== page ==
[Arkay S5E]
Arkay S5E, ca. 1950s

Tube complement: 12SA7GT mixer/oscillator, 12SK7GT IF, 12SQ7GT detector, 50L6GT audio output, 35Z5GT rectifier.

Approximately 9 inches / 228 mm wide.  The ivory knobs are not original.  All the other ivory Arkay S5E radios I've seen have black (or maybe dark brown) knobs, as did this radio when I bought it.  I swapped the black knobs out for ivory ones right away—I think the radio looks much better this way.  I'm usually such a stickler for originality—I wonder what got into me?

Scratched into the chassis, in two places, is the name "Geo. Travis."  Scratched below the name is "Wed. nite."  So I suppose George built this Arkay kit on a Wednesday evening, way back in the early 1950s.  Unlike my circa-1960 brown Arkay below, this one contains no Japanese components.  The tubes are all Tung-Sol brand (no doubt the originals), and the other parts are made in the U.S. and have an early 1950s look to them.

Apparently George sold the radio at some point.  Written on the cardboard back is the name Richard Miller.

George and Richard should've been dissatisfied with the radio's performance.  I was, and found that the oscillator and antenna sections of the tuning condenser were swapped.  This mistake probably occurred when the kit was built.  As a result, the dial calibration and tracking were off, and the sensitivity was poor.  After swapping two wires and realigning, the set perked right up.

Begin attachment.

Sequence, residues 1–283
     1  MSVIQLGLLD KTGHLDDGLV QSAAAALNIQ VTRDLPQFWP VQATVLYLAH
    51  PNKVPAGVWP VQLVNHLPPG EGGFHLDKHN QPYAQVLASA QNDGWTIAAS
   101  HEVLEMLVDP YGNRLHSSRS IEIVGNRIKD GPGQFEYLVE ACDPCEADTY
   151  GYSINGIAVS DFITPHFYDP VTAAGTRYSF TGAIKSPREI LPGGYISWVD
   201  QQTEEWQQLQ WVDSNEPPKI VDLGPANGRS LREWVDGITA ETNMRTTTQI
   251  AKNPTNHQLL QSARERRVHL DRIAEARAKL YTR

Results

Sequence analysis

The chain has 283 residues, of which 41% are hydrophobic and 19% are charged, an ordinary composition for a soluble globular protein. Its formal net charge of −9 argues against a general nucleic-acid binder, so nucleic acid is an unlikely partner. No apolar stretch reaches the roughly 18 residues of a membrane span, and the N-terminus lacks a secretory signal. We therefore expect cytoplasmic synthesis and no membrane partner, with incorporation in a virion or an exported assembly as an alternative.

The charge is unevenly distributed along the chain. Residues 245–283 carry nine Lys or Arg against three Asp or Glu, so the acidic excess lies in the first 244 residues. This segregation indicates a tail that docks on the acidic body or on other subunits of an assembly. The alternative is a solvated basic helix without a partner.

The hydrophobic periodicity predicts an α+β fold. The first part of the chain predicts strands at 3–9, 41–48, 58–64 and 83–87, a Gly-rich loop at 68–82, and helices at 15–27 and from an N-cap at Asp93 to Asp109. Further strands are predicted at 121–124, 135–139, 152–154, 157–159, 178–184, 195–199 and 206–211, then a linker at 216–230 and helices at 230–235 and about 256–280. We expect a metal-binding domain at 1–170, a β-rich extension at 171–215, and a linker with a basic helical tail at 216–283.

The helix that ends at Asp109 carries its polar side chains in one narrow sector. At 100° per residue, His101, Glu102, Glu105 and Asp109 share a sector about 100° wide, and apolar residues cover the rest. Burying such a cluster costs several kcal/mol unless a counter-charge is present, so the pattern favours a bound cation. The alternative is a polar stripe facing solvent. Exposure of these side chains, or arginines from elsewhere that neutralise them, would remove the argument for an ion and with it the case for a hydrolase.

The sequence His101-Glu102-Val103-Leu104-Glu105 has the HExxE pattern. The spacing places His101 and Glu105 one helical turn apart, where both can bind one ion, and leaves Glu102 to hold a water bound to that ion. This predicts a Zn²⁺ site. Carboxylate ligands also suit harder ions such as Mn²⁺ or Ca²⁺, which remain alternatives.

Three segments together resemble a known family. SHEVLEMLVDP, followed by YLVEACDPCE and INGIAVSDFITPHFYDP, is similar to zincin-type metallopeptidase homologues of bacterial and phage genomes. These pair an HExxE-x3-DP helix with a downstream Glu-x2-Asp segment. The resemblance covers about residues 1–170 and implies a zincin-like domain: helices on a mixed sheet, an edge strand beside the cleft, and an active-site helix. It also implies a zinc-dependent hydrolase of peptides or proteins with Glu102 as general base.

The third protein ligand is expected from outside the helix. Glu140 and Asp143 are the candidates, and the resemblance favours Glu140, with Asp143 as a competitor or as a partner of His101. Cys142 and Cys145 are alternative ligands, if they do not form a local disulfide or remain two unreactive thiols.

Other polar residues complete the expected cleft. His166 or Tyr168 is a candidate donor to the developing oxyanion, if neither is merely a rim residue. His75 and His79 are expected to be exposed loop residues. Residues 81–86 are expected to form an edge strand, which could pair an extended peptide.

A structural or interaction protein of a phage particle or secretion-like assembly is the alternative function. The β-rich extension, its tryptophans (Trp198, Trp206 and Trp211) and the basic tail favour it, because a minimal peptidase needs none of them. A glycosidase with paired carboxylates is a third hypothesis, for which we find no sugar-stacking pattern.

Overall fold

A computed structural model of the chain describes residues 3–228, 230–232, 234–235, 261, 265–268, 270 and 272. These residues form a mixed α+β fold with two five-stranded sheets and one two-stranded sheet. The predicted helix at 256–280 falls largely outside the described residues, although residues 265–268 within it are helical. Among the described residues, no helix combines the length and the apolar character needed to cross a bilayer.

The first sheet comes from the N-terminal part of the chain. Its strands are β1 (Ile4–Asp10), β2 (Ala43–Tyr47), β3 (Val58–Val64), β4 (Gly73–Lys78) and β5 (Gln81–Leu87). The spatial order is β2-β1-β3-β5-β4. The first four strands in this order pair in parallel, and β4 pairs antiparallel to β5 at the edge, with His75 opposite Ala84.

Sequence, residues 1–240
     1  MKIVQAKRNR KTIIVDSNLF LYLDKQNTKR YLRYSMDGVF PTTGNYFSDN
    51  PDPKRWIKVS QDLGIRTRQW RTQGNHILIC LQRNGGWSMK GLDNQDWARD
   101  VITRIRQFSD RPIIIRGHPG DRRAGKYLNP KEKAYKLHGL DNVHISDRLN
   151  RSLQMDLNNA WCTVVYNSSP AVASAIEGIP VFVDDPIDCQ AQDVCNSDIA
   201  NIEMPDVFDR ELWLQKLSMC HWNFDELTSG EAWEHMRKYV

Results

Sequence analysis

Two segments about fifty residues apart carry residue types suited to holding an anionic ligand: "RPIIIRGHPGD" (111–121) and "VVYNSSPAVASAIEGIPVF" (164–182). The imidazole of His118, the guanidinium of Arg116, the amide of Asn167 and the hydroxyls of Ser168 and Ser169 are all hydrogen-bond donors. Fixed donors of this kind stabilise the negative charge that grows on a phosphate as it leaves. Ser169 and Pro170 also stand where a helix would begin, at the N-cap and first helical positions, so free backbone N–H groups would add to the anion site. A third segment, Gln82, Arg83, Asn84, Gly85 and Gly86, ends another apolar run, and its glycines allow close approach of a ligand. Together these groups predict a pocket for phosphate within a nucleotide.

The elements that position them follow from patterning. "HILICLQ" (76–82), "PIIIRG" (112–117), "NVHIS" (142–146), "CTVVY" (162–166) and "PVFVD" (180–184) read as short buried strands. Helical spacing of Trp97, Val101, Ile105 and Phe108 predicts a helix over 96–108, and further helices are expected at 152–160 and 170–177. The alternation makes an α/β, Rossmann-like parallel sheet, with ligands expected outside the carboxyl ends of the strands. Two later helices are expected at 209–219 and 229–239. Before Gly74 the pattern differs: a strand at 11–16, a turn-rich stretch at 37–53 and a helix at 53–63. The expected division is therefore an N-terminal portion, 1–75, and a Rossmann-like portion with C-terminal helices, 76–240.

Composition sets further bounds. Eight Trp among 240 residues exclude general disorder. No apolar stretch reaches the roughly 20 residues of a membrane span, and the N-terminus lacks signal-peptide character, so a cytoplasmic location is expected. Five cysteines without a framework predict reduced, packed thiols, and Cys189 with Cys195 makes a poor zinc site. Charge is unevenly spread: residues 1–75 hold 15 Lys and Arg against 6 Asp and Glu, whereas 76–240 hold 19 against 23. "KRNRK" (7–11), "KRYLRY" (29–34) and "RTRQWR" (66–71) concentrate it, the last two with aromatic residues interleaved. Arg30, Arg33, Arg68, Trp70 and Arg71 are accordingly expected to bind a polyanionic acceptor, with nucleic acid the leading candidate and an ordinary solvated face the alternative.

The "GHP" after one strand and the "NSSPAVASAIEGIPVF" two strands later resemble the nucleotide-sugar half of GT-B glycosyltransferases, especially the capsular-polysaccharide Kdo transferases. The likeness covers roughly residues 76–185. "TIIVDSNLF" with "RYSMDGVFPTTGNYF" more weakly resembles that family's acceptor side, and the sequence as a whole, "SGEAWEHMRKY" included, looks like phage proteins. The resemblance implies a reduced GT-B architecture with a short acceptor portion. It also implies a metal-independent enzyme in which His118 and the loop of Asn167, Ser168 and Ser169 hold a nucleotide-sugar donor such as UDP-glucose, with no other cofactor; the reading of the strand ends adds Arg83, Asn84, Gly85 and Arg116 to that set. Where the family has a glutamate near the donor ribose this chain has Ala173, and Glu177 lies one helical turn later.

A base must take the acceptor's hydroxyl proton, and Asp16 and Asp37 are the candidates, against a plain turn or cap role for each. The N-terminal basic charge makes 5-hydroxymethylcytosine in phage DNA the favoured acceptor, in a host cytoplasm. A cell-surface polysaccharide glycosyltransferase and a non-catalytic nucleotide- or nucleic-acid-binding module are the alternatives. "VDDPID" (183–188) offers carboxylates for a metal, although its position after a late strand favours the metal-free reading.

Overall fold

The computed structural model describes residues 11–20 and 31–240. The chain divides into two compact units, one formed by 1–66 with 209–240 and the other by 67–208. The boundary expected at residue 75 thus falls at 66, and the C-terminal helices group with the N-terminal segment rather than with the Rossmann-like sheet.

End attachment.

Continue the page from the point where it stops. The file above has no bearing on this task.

[Arkay S5E]
Arkay S5E, ca. 1960

This one was built by A. J. Kulat, who also inscribed his name on the chassis.  It was found in unused condition, but fully assembled, in its original box.  It hardly worked, but the only problem was that it had apparently never been aligned.

I date this one to 1960 because the box says "Arkay International Inc. ... Winner of Fashion Foundation Gold Medal Award for Excellence of Styling 1958 ... with the Golden '60 Lifetime Guarantee." Also, the vacuum tubes are all labeled "Elevan Electronic Co. ... Made in Japan."  The paper capacitors are from To-con (Tokyo Chemicon Co.), yet the resistors, filter capacitor and other parts appear of U.S. origin.

Occasionally I see one of these Arkays for sale with a "rare" green dial (instead of the "common" gold dial, I presume).  Years of rigorous research have revealed the source of these mysterious green-dial radios.  The dial plate, as supplied in the kit, had a protective plastic overlay that was supposed to be peeled off after assembly.  This plastic sheet has a green tint.  If the kit builder failed to peel off the plastic—voilà!—a rare green-dial Arkay!  Now, if any of you collectors out there have the green-dial version, you know what you've gotta do.

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